When I ask Sam what it’s like to be a fa­ther, his face lights up. “[My son is] nearly two, so yes, I feel very ex­pe­ri­enced,” he bursts out laugh­ing.

“There’s still so much to learn. It’s so dif­fi­cult do­ing what we do. I’ve ba­si­cally spent most of this year away from him as I’ve been work­ing on the other side of the world. But when I’m in be­tween jobs, I’m a full-time dad, and there all day, ev­ery day. When nei­ther me nor my wife are work­ing, we go on ad­ven­tures. It’s easy with him be­cause he likes ex­plor­ing. He’s very ad­ven­tur­ous and bois­ter­ous – a proper lit­tle boy.”

I won­der if he’d like his chil­dren to be­come ac­tors. Sam turns out to be quite re­laxed about it. “I’m not op­posed to it. But I wouldn’t ad­vise it either. The one thing that’s al­ways been im­por­tant to my wife and I is that we won’t plas­ter their faces on In­sta­gram, be­cause if they want to be­come her­mits, they have that op­por­tu­nity without us choos­ing for them.”


FOR SAM HIM­SELF, anonymity is a val­ued state. “I don’t think the press fol­low me like they would some­one else. I find it nice and pri­vate, my life. And liv­ing in Lon­don as op­posed to LA, where on ev­ery street cor­ner there’s some­one chas­ing some­one, I just find it very pos­si­ble to live a calm and nor­mal life.”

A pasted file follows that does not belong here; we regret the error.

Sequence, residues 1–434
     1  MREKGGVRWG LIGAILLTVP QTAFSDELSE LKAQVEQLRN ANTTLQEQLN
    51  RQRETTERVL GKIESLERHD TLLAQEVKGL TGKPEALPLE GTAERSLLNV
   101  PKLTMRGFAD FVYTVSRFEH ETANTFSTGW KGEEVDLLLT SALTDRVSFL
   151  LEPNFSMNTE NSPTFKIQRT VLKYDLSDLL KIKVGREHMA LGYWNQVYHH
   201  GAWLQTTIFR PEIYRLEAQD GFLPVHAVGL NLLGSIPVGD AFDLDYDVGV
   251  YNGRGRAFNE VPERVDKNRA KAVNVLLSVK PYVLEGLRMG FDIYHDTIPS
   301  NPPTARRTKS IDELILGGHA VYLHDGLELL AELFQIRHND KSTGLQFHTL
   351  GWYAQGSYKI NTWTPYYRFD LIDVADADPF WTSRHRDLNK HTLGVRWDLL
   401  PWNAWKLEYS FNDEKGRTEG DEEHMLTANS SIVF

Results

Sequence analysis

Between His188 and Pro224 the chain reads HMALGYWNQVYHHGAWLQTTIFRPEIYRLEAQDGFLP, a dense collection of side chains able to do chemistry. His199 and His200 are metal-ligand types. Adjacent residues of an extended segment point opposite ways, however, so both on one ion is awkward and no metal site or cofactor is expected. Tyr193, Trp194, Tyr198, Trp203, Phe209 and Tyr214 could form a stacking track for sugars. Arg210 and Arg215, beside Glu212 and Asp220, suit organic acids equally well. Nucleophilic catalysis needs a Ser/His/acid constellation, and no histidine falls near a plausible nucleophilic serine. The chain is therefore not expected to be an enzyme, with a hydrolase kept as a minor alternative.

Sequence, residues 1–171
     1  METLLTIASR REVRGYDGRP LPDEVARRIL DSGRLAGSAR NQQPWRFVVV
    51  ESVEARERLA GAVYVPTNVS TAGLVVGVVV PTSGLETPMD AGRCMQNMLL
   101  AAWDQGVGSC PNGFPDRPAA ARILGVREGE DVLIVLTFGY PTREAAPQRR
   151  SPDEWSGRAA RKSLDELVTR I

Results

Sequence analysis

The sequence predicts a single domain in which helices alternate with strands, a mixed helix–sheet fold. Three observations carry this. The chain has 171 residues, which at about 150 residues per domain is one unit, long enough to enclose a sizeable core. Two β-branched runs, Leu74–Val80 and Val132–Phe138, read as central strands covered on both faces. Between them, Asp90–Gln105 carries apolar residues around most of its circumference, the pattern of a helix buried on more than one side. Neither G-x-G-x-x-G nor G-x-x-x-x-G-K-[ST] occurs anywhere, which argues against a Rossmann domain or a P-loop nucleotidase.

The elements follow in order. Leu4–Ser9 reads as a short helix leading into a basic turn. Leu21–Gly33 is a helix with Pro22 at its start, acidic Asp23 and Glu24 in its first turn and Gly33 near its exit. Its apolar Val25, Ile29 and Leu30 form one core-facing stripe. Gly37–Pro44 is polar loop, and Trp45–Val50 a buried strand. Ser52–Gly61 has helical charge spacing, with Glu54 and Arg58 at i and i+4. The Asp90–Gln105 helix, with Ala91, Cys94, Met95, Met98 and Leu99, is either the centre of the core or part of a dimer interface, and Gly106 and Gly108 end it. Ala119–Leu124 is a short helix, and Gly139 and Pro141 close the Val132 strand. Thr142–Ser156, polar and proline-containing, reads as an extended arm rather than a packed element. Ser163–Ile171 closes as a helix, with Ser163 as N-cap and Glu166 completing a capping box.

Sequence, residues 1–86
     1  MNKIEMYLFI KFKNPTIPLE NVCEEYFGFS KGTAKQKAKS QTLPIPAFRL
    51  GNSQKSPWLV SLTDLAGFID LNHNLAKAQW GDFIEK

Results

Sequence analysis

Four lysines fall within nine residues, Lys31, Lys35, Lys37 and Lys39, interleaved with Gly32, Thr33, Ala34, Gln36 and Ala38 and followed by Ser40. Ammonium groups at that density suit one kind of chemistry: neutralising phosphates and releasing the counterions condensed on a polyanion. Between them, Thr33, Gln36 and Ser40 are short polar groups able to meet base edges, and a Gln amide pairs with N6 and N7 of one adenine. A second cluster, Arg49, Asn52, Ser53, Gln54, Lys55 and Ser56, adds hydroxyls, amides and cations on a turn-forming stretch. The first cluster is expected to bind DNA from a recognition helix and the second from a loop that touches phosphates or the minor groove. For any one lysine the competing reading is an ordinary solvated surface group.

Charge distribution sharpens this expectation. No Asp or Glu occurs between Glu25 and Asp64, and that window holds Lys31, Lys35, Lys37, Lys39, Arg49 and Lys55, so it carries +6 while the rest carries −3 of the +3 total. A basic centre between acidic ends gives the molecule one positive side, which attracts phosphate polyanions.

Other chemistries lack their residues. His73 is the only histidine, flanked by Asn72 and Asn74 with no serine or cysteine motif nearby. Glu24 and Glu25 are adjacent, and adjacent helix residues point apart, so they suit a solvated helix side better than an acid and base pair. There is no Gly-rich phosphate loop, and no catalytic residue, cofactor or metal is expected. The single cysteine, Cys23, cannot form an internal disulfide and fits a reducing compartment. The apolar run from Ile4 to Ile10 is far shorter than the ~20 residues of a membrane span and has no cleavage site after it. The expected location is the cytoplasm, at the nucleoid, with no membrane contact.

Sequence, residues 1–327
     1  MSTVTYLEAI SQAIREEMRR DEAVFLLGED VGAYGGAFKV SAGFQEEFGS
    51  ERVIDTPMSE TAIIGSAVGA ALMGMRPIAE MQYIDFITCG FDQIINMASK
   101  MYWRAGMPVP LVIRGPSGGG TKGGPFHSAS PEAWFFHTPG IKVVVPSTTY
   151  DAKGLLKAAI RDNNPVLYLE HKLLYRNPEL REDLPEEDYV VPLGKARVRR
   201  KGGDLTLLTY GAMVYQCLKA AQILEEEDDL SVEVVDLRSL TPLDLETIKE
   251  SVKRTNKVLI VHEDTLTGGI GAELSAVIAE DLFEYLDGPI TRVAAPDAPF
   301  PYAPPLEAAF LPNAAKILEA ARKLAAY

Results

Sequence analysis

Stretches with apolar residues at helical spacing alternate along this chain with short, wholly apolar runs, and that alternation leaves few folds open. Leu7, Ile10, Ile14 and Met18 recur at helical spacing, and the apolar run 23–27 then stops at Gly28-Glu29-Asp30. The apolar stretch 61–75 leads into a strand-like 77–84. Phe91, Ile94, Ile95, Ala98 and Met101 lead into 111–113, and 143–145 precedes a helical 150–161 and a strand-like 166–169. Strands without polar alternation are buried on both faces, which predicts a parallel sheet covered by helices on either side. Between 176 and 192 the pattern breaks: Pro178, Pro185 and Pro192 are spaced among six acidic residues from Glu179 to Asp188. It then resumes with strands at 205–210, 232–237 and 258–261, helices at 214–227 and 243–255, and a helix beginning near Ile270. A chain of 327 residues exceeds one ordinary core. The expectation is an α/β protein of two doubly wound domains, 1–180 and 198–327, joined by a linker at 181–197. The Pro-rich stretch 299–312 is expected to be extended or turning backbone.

Even more so in his home­town Nor­wich, where his mum, a class­room as­sis­tant, is more fa­mous than he is!

“I’ll be home with her and these lit­tle girls at the school that she works at will go, ‘We hear your son’s home,’ and I’ll be stand­ing right next to her and they don’t have a clue who I am.

“Nor­wich is such a beau­ti­ful place to grow up in, it’s one of my favourite places to go back to now. No one ever treats me dif­fer­ently, which is amaz­ing.

“I go home and it’s still the same thing. My mum and dad haven’t changed one iota. They’re com­ing to the pre­miere [of Jour­ney’s End] this evening and my dad will still wear his Nor­wich City tie and the same suit, like he does ev­ery time,” he laughs.

“I’m very for­tu­nate to have such ground­ing sup­port. Ev­ery­one’s just al­lowed me to be me, and they knock me back down to earth if I ever get too big for my boots. I’m lucky.”

Jour­ney’s End opens in Aus­tralia on Novem­ber 1 and in New Zealand on October 25.

Star­ring along­side Jen­nifer Lawrence in The Hunger Games; Sam in his big break in Pi­rates (left)

As Stan­hope in Jour­ney’s End... “He’s the char­ac­ter ev­ery­one wants to play”; (right) with his wife, Laura Had­dock